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Freedom from Fear of Hate-Fueled Violence: Preventing Transgender Homicides

Every year without exception, over two dozen transgender people are killed. Nearly three in four of these homicides are committed with a gun. In order to better understand the link between gun violence and violence against the transgender community, and to raise awareness of hate crimes motivated by a victim’s gender identity, Everytown began tracking these acts of violence in 2017.

The statistics make it clear: violence against transgender people is a gun violence issue. In 2023 alone, there were 35 homicides of transgender and gender-expansive people in the US and Puerto Rico and guns were used in 80 percent of these deadly acts.1 Everytown for Gun Safety Support Fund, Transgender Homicide Tracker, 2023.  

In 2023, 80 percent of homicides of transgender people were with a gun.

From January 2017 to December 2023, there were at least 263 homicides of transgender people in the United States, 193 of which were with a gun.2Everytown for Gun Safety Support Fund, Transgender Homicide Tracker, 2017–2023. Further, these tragedies have a gravely disproportionate impact. More than six in 10 gun homicides of transgender and gender-expansive people were of Black trans women, and one in 10 were of trans Latinas.3Everytown for Gun Safety Support Fund, Transgender Homicide Tracker, 2017–2023. Download the data here.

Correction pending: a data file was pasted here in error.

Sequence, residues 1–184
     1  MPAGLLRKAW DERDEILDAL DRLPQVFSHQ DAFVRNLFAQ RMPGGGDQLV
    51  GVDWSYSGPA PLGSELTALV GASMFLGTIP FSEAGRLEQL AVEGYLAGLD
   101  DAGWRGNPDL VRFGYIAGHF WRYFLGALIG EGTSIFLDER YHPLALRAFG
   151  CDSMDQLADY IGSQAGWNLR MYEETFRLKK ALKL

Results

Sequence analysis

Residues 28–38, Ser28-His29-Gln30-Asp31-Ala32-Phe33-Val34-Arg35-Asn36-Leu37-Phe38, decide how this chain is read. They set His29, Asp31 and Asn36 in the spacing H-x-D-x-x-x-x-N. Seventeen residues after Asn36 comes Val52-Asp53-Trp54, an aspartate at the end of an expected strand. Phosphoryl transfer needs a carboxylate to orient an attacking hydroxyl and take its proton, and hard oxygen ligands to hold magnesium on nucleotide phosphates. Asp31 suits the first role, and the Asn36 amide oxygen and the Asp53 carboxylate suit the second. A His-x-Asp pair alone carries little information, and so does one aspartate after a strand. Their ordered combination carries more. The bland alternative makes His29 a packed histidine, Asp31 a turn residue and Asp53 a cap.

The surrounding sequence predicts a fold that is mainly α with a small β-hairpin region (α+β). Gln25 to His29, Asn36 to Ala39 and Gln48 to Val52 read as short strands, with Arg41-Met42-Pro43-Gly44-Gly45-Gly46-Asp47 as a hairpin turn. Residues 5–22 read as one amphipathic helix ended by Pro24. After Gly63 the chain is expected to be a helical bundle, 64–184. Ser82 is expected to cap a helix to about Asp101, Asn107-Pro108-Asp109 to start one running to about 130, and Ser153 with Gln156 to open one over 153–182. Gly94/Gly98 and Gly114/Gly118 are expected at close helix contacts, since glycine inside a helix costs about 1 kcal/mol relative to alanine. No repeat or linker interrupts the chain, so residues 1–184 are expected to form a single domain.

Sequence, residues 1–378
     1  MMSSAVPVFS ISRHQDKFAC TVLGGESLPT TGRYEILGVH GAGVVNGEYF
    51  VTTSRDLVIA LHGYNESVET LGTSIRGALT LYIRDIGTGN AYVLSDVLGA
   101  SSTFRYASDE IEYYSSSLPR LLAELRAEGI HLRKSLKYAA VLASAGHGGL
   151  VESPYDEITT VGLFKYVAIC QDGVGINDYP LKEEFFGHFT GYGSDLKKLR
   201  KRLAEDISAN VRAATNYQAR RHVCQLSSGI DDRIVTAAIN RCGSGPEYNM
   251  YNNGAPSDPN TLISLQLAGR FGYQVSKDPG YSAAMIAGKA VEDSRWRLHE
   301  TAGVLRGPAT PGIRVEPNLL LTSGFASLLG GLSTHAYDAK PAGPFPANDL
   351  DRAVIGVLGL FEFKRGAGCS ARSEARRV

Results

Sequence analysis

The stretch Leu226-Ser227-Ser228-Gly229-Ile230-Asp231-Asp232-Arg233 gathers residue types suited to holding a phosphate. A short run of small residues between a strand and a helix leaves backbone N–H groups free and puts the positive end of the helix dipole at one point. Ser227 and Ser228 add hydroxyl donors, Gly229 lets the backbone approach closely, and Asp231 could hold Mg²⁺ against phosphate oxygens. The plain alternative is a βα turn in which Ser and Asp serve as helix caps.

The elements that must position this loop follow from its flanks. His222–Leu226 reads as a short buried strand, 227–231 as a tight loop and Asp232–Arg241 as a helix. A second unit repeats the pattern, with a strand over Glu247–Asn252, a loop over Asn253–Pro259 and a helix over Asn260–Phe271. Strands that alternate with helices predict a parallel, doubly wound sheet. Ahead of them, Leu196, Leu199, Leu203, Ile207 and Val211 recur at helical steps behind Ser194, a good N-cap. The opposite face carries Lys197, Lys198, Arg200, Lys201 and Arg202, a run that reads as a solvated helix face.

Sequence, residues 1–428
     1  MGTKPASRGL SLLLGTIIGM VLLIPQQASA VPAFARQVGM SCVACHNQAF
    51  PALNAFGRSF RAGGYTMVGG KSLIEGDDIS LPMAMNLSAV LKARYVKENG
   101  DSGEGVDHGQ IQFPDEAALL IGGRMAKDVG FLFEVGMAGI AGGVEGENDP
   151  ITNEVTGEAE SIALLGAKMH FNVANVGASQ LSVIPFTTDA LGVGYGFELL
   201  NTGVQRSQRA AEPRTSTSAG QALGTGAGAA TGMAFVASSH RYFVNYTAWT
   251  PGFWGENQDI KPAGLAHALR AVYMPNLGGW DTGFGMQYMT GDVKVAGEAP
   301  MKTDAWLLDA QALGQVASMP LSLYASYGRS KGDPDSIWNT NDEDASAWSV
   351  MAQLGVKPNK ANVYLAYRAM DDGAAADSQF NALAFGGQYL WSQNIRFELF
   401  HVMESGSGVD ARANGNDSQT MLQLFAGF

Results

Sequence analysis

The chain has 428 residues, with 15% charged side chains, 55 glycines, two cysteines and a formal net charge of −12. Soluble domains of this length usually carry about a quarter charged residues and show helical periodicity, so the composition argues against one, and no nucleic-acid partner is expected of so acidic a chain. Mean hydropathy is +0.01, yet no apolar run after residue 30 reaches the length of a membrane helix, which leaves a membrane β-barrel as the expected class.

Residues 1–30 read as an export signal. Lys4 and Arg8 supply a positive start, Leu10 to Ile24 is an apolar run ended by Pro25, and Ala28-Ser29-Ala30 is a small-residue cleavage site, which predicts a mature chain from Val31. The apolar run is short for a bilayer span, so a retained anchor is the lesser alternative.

There are over two dozen transgender homicides every year.

Year Number of homicides of transgender people
Source: Everytown for Gun Safety Support Fund, Transgender Homicide Tracker, 2017–2023.

Some trends observed in homicides of transgender individuals mirror patterns seen in gun violence generally, particularly as it relates to the toll on young people and involvement of domestic violence. Violence against younger members of the transgender community—59 percent of victims of trans gun homicides being under the age of 304 Everytown for Gun Safety Support Fund, Transgender Homicide Tracker, 2017–2023.—comes as no surprise in a country where guns are the leading killer of children, teens, and college-aged people.5Centers for Disease Control and Prevention, National Center for Health Statistics. WONDER Online Database, Underlying Cause of Death, Injury Mechanism & All Other Leading Causes. Data from 2021. Children and teens defined as 1 to 17, and college-aged defined as 18 to 25. At least 20 percent of violent deaths among trans people stem from intimate partner or family violence and the great majority (69 percent) of these deaths are with a gun.6 Everytown for Gun Safety Support Fund, Transgender Homicide Tracker, 2017–2023. This tracks with the role guns play in intimate partner violence more broadly: nearly two-thirds of all intimate partner homicides in the United States are committed with a gun.7 Everytown Research analysis of Centers for Disease Control and Prevention, National Violent Death Reporting System (NVDRS), 2020.